Obama and education — part two

Gee. I went to Obama’s campaign website yesterday to see what he was saying about education. And already I’ve received two urgent e-mails asking for a campaign contribution. It appears that Obama’s advisors are huddling this weekend to decide where and how to allocate staff and other resources during the final days of the campaign. My $10 would make the difference. I guess.

I also received a nice note from Michelle Obama inviting me to visit with her during a campaign stop at Buchtel High School this afternoon. Tempting. But I’ve found of late that a mid-afternoon nap on Fridays is a nice start to the weekend.

Haven’t received anything as yet from John McCain for President. Or from mccain.com — the home of the Canadian producer or frozen food products. So it goes.

Maybe Michelle will talk to the students about how our education system is failing them — and the implications that has for their future and for the future of our economy and democracy.

Barack Obama has it right on this issue. And again the disclaimer: I’ve already voted for him. And his position on education is a major reason why.

He points to the problems with No Child Left Behind — and the soaring college costs that present a real barrier these days to students and their families.

But mostly he focues on teachers. Obama points out that teacher retention is a problem: 30 percent of new teachers leave within their first five years in the profession.

Well, yeah. Aside from when you were a student, when was the last time you spent any time in a classroom anywhere in the United States? Folks, teaching is hard work, without tremendous financial reward. And the fact is that as a nation we have devalued teaching as a profession to the point where it is difficult to hire and retain excellent teachers.

That’s not just my view. I had a long conversation recently about this problem involving teachers with Tony Wagner, the Harvard education professor, consultant and guru and writer of the insightful book, “The Global Achievement Gap: Why Even Our Best Schools Don’t Teach The New Survival Skills Our Children Need — And What We Can Do About It.

On this issue, Obama gets it. Here’s what he says:

Recruit, Prepare, Retain, and Reward America’s Teachers

  • Recruit Teachers: Obama and Biden will create new Teacher Service Scholarships that will cover four years of undergraduate or two years of graduate teacher education, including high-quality alternative programs for mid-career recruits in exchange for teaching for at least four years in a high-need field or location.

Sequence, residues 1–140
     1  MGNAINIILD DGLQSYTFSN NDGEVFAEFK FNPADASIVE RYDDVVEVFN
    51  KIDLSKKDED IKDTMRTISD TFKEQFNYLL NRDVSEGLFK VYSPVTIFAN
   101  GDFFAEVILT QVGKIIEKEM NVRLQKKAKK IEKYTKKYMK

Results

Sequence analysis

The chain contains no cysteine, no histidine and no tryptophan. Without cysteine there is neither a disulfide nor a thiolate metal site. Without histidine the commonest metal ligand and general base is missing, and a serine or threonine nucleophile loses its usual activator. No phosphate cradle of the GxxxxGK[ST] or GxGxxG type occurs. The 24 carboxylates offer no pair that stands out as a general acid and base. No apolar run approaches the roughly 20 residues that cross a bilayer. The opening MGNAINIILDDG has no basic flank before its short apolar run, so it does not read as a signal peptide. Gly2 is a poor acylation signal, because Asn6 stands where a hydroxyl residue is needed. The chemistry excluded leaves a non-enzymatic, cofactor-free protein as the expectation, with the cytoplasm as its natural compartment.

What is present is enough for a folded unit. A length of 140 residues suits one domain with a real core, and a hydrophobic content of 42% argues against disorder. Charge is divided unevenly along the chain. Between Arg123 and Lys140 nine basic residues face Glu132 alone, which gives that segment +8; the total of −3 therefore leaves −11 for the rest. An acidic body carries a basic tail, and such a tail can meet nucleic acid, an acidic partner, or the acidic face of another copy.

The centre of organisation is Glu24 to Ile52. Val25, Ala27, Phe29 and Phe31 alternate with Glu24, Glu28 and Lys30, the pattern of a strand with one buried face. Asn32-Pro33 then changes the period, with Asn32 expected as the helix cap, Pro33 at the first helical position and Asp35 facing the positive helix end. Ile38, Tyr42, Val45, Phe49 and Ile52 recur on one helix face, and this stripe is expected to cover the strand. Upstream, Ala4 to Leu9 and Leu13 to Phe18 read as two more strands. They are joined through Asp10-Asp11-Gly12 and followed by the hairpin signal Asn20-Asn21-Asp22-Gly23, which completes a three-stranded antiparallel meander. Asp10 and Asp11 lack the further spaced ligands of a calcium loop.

• Prepare Teachers: Obama and Biden will require all schools of education to be accredited. Obama and Biden will also create a voluntary national performance assessment so we can be sure that every new educator is trained and ready to walk into the classroom and start teaching effectively. Obama and Biden will also create Teacher Residency Programs that will supply 30,000 exceptionally well-prepared recruits to high-need schools.
  • Retain Teachers: To support our teachers, the Obama-Biden plan will expand mentoring programs that pair experienced teachers with new recruits. They will also provide incentives to give teachers paid common planning time so they can collaborate to share best practices.
  • Reward Teachers: Obama and Biden will promote new and innovative ways to increase teacher pay that are developed with teachers, not imposed on them. Districts will be able to design programs that reward accomplished educators who serve as a mentor to new teachers with a salary increase. Districts can reward teachers who work in underserved places like rural areas and inner cities. And if teachers consistently excel in the classroom, that work can be valued and rewarded as well.

Fixing education in a way that benefits students, the business community and our nation as a whole is a huge problem. It involves a host of social, economic, political and emotional issues. Maybe that’s why we have been working on it for more than 25 years without great success.

So why don’t we start where we could really make a difference: in the classroom. Let’s educate, hire, train, mentor, pay, reward and support teachers. Let’s make teaching a valued profession again.


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